It is important to note, however, that the concept of single-atom catalysis has been controversial. Ding et al. [19], for example, published a paper in which they claimed that isolated Pt atoms are actually inactive for both low-temperature CO oxidation and water–gas shift chemistry, and that any catalytic activity probably arose from metallic Pt nanoparticles. Infrared reflection absorption spectroscopy (IRAS) data were presented to show that CO binds more strongly to cationic Pt than metallic Pt clusters, not weaker as Qiao et al. [7] had proposed. In both these works, the as-prepared catalysts were imaged using scanning transmission electron microscopy (STEM), as has become the standard in experimental SAC studies [20]. The resolution of this technique has progressed tremendously over recent years, and adatoms and clusters can be distinguished from the support by virtue of a strong atomic number contrast in high-angle annular dark-field (HDAAF) mode [20]. In both cases, IRAS data exhibited a CO stretch above 2100 cm−1, consistent with binding to cationic Pt [21], while X-ray absorption near edge structure (XANES) data suggested that Pt was most likely coordinated to oxygen, with no sign of Pt–Pt bonding. The directly opposing conclusions of these two studies highlight a major issue in the SAC field today; it is extremely difficult to unambiguously prove the active species in catalysts based on adatoms and subnano clusters. Even if a catalyst is shown to be atomically dispersed initially, it may evolve in operando and there is no guarantee it remains in this state when reactivity is measured.

Recent work from Phil Christopher’s group appears to shed new light on the origin of the controversy discussed above. In this work [22, 23], extremely low Pt loadings (0.05 wt%) were deposited onto 5 nm anatase TiO2 nanoparticles in solution such that, on average, each particle contained just one Pt adatom. Thus, the risk of in situ sintering is substantially reduced. Following calcination in flowing air at 450 °C for 4 h to remove ligands from the Pt-precursor, an extremely sharp absorption band was observed at 2112 cm−1 in IRAS, and assigned to cationic Pt occupying a highly homogeneous adsorption site (see Fig. 2). Interestingly, however, temperature programmed desorption (TPD) experiments showed that the CO desorbs from such samples already at 5 °C, in apparent agreement with the conclusion of Qiao et al. [7]. Samples prepared with a higher loading exhibited the behaviour expected for Pt clusters, a broad band below 2100 cm−1 and CO desorption well above room temperature. Crucially, when the clustered samples were pre-oxidised prior to CO adsorption, the CO stretch shifted back above 2100 cm−1, indicative of cationic Pt, but the CO remained adsorbed up to 300 °C in TPD. The authors therefore conclude that weakly bound CO is associated with cationic adatoms, and strongly bound CO with cation-like CO stretch is due to adsorption on small PtOx clusters. This discussion highlights that the local binding environment plays a defining role in the strength of the interaction with CO, not the charge state. It is thus insufficient to attribute catalytic activity to Pt2+ species, for example, because many different geometries can coexist with similar charge state, and perhaps only one might be catalytically active. In any case, assigning charge states of Pt based on the CO stretch is problematic, as the measured shift has been shown to depend on the local geometry [21]. To make the most of SAC, we need to determine the atomic-scale structure of the optimal active site, and then figure out how to promote this on the catalyst.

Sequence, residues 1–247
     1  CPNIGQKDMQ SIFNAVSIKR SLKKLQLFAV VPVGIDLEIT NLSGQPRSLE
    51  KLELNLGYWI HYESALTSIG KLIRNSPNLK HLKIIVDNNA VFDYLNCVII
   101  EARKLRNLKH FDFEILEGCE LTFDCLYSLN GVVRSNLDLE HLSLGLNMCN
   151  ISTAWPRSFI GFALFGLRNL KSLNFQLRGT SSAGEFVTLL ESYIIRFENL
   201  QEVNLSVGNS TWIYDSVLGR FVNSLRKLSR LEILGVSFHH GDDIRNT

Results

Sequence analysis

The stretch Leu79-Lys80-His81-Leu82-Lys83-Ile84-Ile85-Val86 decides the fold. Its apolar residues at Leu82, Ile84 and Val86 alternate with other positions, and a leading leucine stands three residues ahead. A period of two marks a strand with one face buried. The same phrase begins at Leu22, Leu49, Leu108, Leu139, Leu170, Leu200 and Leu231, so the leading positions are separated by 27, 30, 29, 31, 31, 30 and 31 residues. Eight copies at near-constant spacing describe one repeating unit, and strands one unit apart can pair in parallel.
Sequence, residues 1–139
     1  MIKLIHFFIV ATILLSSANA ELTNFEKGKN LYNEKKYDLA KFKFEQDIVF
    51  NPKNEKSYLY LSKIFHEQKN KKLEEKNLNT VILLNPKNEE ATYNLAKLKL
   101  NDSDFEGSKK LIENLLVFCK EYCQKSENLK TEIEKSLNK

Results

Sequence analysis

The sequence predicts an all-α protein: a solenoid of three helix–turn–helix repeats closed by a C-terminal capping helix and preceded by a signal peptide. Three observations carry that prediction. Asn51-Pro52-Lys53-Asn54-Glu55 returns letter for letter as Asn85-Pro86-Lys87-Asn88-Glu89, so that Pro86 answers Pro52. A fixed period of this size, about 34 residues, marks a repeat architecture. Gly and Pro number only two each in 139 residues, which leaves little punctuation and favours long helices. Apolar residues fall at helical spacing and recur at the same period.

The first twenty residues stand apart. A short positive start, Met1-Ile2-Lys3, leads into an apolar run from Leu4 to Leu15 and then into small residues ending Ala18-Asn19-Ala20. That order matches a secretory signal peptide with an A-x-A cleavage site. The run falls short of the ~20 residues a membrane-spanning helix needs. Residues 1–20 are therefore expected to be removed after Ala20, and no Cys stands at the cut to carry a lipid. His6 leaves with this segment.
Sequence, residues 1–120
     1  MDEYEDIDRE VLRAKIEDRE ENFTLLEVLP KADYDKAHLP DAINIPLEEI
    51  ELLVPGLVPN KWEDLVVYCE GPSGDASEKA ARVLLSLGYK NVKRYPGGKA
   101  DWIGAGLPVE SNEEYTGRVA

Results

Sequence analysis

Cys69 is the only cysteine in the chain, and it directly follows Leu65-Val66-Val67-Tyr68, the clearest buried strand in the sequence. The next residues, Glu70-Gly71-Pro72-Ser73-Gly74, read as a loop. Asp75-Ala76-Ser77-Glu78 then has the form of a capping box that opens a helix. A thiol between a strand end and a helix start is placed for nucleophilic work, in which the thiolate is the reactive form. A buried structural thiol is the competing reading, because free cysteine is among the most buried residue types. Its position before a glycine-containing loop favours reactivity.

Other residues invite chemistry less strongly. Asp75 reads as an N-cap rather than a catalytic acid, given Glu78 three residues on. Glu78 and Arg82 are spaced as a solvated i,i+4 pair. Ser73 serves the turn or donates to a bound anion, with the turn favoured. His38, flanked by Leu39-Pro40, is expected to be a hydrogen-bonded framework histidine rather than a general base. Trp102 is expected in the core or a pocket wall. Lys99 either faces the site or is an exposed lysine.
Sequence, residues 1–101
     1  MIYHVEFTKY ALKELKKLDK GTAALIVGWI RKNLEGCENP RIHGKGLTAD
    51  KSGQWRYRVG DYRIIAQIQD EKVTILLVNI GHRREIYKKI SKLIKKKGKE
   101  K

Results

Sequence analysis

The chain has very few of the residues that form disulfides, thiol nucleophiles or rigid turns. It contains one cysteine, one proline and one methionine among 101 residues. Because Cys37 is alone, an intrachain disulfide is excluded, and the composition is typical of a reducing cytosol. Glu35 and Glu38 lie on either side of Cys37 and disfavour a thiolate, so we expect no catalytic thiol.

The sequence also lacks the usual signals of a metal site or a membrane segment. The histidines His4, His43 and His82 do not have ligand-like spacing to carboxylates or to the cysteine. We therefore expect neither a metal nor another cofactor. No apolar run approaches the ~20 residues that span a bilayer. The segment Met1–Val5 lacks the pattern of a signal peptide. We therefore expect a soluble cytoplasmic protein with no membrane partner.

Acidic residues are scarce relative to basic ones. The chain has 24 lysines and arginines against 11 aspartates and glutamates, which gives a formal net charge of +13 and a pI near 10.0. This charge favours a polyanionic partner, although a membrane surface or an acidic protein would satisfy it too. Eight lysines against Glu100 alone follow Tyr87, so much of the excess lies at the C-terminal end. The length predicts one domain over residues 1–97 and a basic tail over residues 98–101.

Fig. 2
figure 2

Figure reproduced with permission from Ref. [23]

CO TPD-IR spectra from catalysts based on Pt adatoms (a), Pt clusters (b) and oxidised Pt clusters (c) supported on nano-TiO2. The CO stretch from Pt1 adatoms at 2113 cm−1 is extremely sharp, suggestive of a homogeneous adsorption site, and CO is weakly bound. CO adsorbed on oxidised Pt clusters exhibits a similar peak position, but the band is significantly broader. CO binds most strongly to oxidised Pt clusters.

Unfortunately, precise determination of the active site geometry on a real single atom catalyst is extremely difficult. From STEM experiments, we do know that the heavy metal atoms appear congruent with the cation lattice of the metal-oxide support, which suggests coordination to oxygen. This is consistent with XANES data, and DFT calculations, which generally find greater stability with coordination to oxygen. Unfortunately, the lighter oxygen atoms are not well imaged in STEM, and even if they were, any surface specific rearrangement of the lattice around the adatom would be impossible to discern because the images are a 2D representation of the 3D object. For a full discussion of the strengths and weaknesses of STEM for SAC studies, see ref [20]. Although some information on the coordination number can be derived from XANES, reliable interpretation requires significant homogeneity on the sample, which is probably not the case on a real catalyst, and relevant reference data for comparison. In general, it is probably fair to say that the primary source of local structural information in SAC is DFT-based calculations.